Dominic Cummings is orchestrating Boris Johnson’s messaging around coronavirus

Chief Adviser to Prime Minister Boris Johnson, Dominic Cummings at a news conference inside 10 Downi

Chief Adviser to Prime Minister Boris Johnson, Dominic Cummings at a news conference inside 10 Downing Street, London. Photograph: Simon Dawson/PA Wire. - Credit: PA

While Boris Johnson has appeared to turn to experts for advice over the coronavirus outbreak, it is Dominic Cummings who is still orchestrating the key messaging.

Cummings, who wrote in a blog in 2016 that he is 'particularly interested in public health and the field of epidemiology', has taken a hands-on role in the government's messaging, the Financial Times reports.

The special adviser has deduced that after the success of Vote Leave's 'take back control' in 2016 and the Tories' 'get Brexit done' in 2019, that the main message for the coronavirus outbreak should use three word catchphrases too.

It is said that focus groups had swayed Cummings' thinking to encourage government to repeat the lines 'wash your hands' and 'stay at home'.

A government source told the newspaper: ''Wash your hands' might have seemed a bit trivial at the start. But when you're talking to people in focus groups, they want to know what they can do to make a difference.'

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It comes after messaging using the word 'self-isolation' were said to have scared the public.

'Talk of self-isolate scared people, they didn't understand what it meant so we dropped it.'

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While the government's messaging appears uncontroversial, its overall 'herd immunity' approach has been criticised by a number of experts.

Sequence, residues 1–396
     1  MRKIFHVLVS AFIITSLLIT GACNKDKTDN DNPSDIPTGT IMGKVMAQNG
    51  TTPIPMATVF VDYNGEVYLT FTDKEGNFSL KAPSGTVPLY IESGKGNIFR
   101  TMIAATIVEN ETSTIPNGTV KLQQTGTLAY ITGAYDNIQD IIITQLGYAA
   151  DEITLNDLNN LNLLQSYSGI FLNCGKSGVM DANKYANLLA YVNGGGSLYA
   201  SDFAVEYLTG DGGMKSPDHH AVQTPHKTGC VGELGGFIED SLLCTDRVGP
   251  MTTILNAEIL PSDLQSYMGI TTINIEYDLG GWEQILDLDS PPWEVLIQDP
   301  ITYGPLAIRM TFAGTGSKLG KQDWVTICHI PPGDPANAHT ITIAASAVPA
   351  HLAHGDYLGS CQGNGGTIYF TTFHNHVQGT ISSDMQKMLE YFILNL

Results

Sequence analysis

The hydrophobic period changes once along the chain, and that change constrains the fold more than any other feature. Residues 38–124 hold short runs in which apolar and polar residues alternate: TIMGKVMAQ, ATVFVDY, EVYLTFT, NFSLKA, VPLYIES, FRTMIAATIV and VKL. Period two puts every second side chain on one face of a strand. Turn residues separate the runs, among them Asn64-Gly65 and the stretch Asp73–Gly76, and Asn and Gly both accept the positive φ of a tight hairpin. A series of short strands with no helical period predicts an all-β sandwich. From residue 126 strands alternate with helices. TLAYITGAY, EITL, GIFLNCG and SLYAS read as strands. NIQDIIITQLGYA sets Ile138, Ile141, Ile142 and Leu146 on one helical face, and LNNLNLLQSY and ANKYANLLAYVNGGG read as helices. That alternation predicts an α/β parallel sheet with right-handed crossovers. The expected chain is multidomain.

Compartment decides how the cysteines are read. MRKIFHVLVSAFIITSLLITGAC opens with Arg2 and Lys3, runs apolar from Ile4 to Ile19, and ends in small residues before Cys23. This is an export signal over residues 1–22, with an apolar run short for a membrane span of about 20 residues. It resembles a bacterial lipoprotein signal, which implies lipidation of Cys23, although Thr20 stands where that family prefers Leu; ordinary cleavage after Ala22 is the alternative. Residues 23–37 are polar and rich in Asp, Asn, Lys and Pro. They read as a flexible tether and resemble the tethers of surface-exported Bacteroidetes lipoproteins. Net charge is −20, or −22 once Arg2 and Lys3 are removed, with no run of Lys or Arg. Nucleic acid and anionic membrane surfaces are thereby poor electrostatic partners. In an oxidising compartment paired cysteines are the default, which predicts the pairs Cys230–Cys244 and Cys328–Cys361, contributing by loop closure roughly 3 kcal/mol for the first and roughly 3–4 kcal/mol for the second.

Anthony Costello, professor of international child health and director of the University College London Institute for Global Health, questioned the tactics and argued they looked like they were against the policy set down by WHO.

Prof Costello said the government was arguing that allowing a proportion of the population to catch the virus and gain immunity 'will block a second peak in several months' time'.

But he tweeted a series of questions showing scepticism for the policy, including: 'Will it impair efforts to restrict the immediate epidemic, and cause more infections and deaths in the near term? Evidence suggests people shed virus early, and those without symptoms may cause substantial spread...'

He also questioned whether 'coronavirus cause strong herd immunity or is it like flu where new strains emerge each year needing repeat vaccines? We have much to learn about Co-V immune responses.'

He said there was also an argument to see what happened in China, where the epidemic there has been contained 'after 7 weeks of intense national effort'.

Labour has urged the government to be more transparent with the public about the science behind its decision making.

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